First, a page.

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According to the Mayo Clinic, 70-80% of people have a noticeable septal deviation. For those who suffer from more severe septal deviation that causes a nasal obstruction, a septoplasty may be recommended. A septoplasty is a surgery that corrects nasal blockages. It is one of the most common ENT procedures in the United States and is used to treat chronic sinusitis, nasal polyps, and other conditions that cause nasal obstructions.

Do I Need a Septoplasty?

The nasal septum is the structure that supports the nose and separates the left and right airways in the nostrils. Although deviated septa are very common, not all deviated septa are serious enough to need a septoplasty. When the septum bends one way, breathing can be impacted and airflow reduced in one of the airways. This can cause one side to be dry, contributing to crusting and bleeding. The obstruction can also cause congestion as well as making the tissues lining the nose swollen. This can contribute symptoms such as:

·  Difficulty breathing

·  Frequent nosebleeds

·  Chronic sinus infections

·  Noisy breathing during sleep

·  Snoring

·  Pain in the face

Some people are born with a deviated septum, but sometimes it can be caused by injury or the natural aging process. If you suffer from these symptoms, you should talk to your doctor for an examination to diagnose a deviated septum.

The Septoplasty Procedure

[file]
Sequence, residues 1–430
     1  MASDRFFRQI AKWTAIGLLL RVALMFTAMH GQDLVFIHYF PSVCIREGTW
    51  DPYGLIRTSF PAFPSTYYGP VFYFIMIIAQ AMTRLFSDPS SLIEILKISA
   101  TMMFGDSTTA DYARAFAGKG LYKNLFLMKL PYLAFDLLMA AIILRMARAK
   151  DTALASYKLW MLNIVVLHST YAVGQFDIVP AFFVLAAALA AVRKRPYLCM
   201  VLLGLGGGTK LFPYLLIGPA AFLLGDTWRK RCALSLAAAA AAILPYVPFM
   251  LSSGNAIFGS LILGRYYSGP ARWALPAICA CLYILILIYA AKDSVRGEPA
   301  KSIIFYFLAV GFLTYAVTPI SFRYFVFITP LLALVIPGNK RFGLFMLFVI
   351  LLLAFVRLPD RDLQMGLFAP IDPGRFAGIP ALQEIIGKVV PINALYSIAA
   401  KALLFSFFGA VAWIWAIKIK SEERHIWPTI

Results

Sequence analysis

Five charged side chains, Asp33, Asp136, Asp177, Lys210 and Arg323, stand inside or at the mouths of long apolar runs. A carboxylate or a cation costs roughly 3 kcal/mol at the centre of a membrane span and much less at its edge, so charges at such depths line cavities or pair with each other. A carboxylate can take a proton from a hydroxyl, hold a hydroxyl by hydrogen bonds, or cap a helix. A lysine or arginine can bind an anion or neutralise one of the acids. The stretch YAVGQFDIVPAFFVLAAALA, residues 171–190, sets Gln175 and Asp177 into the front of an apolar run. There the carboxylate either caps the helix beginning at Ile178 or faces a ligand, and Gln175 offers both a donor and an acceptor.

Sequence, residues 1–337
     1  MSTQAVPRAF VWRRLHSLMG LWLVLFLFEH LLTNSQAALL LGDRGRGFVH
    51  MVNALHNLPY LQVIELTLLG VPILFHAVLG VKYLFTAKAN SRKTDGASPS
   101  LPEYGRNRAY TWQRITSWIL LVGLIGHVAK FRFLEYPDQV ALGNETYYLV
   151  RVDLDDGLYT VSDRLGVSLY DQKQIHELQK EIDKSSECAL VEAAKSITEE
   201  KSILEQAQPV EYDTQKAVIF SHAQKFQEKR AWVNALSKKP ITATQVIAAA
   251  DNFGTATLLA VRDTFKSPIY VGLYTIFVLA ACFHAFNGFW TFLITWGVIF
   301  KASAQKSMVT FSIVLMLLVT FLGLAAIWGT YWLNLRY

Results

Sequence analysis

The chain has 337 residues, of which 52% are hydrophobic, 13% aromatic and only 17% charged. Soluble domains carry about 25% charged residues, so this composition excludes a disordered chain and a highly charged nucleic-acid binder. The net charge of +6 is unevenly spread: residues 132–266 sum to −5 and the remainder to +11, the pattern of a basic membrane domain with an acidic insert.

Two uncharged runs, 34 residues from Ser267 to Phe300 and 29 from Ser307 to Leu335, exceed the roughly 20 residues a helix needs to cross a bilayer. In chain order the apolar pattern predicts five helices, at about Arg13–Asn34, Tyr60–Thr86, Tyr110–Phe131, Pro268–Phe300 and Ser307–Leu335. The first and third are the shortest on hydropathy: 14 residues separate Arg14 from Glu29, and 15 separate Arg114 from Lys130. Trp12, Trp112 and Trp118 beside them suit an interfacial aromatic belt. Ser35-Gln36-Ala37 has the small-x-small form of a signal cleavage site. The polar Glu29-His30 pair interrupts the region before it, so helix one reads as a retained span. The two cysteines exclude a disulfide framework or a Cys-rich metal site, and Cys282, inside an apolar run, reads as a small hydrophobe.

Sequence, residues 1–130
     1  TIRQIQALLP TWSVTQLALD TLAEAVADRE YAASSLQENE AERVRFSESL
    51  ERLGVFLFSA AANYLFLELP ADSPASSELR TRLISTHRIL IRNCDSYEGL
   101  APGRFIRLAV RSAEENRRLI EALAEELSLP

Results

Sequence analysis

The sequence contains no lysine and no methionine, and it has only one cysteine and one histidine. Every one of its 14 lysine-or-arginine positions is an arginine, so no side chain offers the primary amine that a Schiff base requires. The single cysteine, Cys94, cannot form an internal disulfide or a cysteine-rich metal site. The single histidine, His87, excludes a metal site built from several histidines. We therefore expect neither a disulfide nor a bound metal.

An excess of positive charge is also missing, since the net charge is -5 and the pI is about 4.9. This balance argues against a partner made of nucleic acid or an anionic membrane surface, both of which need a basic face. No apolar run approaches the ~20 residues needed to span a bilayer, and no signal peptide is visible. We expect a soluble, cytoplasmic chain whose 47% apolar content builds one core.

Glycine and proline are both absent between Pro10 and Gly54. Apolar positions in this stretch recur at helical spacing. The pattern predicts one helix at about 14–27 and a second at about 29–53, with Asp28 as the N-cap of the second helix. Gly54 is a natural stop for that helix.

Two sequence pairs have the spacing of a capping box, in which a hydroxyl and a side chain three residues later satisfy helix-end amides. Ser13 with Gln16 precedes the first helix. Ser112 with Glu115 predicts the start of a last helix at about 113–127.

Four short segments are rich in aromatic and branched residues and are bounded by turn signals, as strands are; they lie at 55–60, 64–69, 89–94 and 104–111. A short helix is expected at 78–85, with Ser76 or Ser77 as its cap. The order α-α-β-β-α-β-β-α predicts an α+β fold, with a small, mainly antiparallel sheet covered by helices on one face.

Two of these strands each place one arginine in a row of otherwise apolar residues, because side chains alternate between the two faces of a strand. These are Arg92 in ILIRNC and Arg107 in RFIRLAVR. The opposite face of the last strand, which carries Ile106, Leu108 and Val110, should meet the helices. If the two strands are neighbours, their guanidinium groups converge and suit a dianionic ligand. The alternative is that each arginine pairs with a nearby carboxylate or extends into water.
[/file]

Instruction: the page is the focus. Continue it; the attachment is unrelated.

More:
If your doctor determines you have a deviated septum, they may suggest other treatments before a septoplasty based on your symptoms. If a septoplasty is suggested, here is what you can expect during the procedure.

1. Anesthesia will be administered before the procedure to ensure patient comfort.

2. Your surgeon will make an incision within the nasal cavity to reduce any appearance of scarring.

3. Your doctor will lift away the membrane that covers the surface of the septum on one side.

4. The bone or cartilage of the deviated septum is removed, leaving behind the membrane.

5. When the septum is in the desired position, the membrane is repositioned around the septum and sutured back together.

Most people experience drastic improvement in their nasal obstruction after a septoplasty. The nose will be packed to stop any bleeding following the surgery. If splints are placed in the nose, these will likely be removed in about a week or so. Pain, congestion, and bleeding are common following the procedure, but these should resolve over the next few weeks.

If you suffer from a breathing obstruction, chronic sinus infections, or snoring, you may have a deviated septum. This condition is extraordinarily common, and when it impacts your quality of life, it can be an irritating hindrance and affect your day-to-day activities. A septoplasty may be an option for correcting this condition and help you feel better than ever in just a few short weeks.


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